I love reading but I love writing more.  My taste in genres range from children’s books to mysteries, romance to historical fiction but what I really love the most is poetry.  It’s the tempo, the flow, the gentle way that the words bring you softly through a story or thought, which makes prose one of the highest respected forms of writing in the literary industry.  Boston is full of talented poets that use their talents to express feelings, opinions and outlooks on what they experience.  You might find them on their laptops in coffee shops or maybe scribing on a notepad on a bench in the Commons but wherever they find their inspiration, there is no doubt the remarkable perceptions that they give readers.


One Boston poet that has particularly caught my attention is the Silently Spoken Project (J.J. aka JustKnoxx) who uses social media platforms such as Instagram (@silentlyspokenproject) to promote his work.  His primary quote featured on his page, “Even in silence, you have a voice” speaks volumes of his style, which I find to be direct, phrased in strength and refreshingly honest.  While he seems to prefer writing about topics reflecting on themes of love, he has successfully built an archetype that is original and marketable.  One of my favorite’s read, “If you genuinely love someone, don’t ever decorate their eyes with tears, their ears with lies, and their heart with a wound.”


This artist has cleverly been accruing more and more interest on his media sites and continues to grow his following with both men and women (I like how he speaks to both sexes).  In doing a quick search, I’ve already found several web pages showcasing his poetry including Facebook, Iconosquare and Tumblr.  If your looking for a great account to follow, this is the guy to find and from one writer to the next, I’ll be following the silentlyspokenproject to be sure not to miss this Bostonian’s genuine poetic talent.  Best of luck to your future writing endeavors, J.J!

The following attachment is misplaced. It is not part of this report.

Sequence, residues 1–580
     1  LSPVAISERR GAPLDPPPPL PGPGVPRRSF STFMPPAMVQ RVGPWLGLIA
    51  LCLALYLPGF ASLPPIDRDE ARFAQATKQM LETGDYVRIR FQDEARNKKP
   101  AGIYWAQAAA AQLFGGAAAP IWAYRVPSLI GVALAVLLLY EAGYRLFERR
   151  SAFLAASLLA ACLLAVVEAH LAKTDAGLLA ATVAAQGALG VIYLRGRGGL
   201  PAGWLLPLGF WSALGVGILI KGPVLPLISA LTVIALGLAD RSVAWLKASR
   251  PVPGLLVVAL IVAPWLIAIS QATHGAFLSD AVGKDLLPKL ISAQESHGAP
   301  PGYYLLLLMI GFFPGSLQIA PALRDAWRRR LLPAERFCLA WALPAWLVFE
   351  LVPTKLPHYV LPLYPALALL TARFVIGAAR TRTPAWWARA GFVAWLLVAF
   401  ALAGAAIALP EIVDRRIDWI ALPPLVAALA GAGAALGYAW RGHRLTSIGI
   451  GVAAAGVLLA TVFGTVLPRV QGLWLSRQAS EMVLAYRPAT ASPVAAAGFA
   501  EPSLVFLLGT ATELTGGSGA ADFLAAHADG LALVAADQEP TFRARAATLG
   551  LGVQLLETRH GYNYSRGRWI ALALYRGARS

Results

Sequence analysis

Suzie Canale

Westwood, MA





Tags: The Arts, Artist, Poetry, Poet, #EXFL

What Florists Can Learn from Maya Angelou

Posted by Rick Canale on Wed, Jun 18, 2014

Maya Angelou Flowers
photo credits: all photos in this post come from 
Generation X has lost its poet. While baby boomers embraced Robert Frost, my generation embraced Maya Angelou (1928-2014). Poet, educator, author, activist, Dr Angelou was the voice for millions. 
While at Boston College (1989-1993), I was fortunate to see Maya Angelou speak. She packed St. Ignatius Church to the rafters. Her speech left me in a new mindset. She was powerful and pragmatic. Her simple words of walk away from the conversation have left a lifetime lesson.
maya angelou So why is Dr Angelou appearing in my blog as a mentor for florists ? Plain and simple: "... people will never forget how you made them feel,". This is what we do as florists, retailers and service industry professionals. If we want people to come back, we need to give them an amazing experience. We need to make them feel welcome and appreciated. 
Forget about business for a moment, isn't that what we should do as people ? 'It is nice to be nice,'.
maya angelou orchids

Tags: Poetry, Author, Boston College, Maya Angelou, Poet